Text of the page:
Afghan National Army Designates First Commando Battalion
By Staff Sgt. Marelise Wood, USAF
Special to American Forces Press Service
POL-E-CHARKI, Afghanistan, Nov. 29, 2006 A 600-man battalion from the Afghan National Army’s 201st Corps has been selected as the country’s first unit to undergo commando training.
Afghan soldiers do push-ups trying to make the cut and be in the top 100 in their unit. Those soldiers will go on to specialized training in Jordan and return as instructors. Courtesy photo
(Click photo for screen-resolution image);high-resolution image available.
The battalion, led by Afghan National Army Lt. Col. Muhammad Farid Ahmadi, was selected over others because of its high morale and unparalleled esprit de corps, U.S. officials said.
An important part of developing commando capability is training noncommissioned officers who can go back and train others. Each of the five corps in the Afghan army will eventually have a commando unit assigned, and the 201st Corps soldiers train those units, officials said.
The unit’s soldiers were evaluated on marksmanship, a timed three-mile run, push-ups, sit-ups, and a rucksack foot march in full battle gear. When the dust cleared, 100 soldiers were selected to receive specialized training.
“I think this is a good recognition, … that they have recognized me and my battalion,” Ahmadi said. “I am very proud.”
His soldiers are equally proud and happy to be a part of the battalion. “He’s a very good commander; he’s professional,” Capt. Sayed Naser said. “Since he’s been assigned here, there have been positive changes, from physical training to education to professionalism. There is a great positive change. In all the battalion, from privates to NCOs to officers, they are happy with him and his leadership.”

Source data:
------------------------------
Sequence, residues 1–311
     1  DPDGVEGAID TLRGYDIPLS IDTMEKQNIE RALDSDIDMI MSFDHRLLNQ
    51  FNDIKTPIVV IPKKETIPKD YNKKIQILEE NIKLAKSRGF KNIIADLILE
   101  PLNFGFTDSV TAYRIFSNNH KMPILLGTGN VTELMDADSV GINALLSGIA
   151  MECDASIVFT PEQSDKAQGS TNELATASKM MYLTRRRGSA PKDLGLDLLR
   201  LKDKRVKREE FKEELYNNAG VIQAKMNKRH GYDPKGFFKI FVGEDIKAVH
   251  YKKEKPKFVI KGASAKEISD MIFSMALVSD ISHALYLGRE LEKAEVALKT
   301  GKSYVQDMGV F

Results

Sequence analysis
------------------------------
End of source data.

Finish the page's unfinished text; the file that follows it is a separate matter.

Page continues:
The soldiers selected are scheduled to receive specialized training in Jordan for six months, and expectations are high. “With this new training, good equipment, and designation as commando battalion, we will play a greater role in the future and the stability and security of the region,” Ahmadi said.
“When there is security there will be reconstruction,” he said. “This will lead to good diplomatic relations with the international community as a sound and healthy member. Reconstruction, economy, education, road building, all these things depend on security, and this battalion will play its role in that.”
(Air Force Staff Sgt. Marelise Wood is assigned to Combined Security Transition Command Afghanistan.)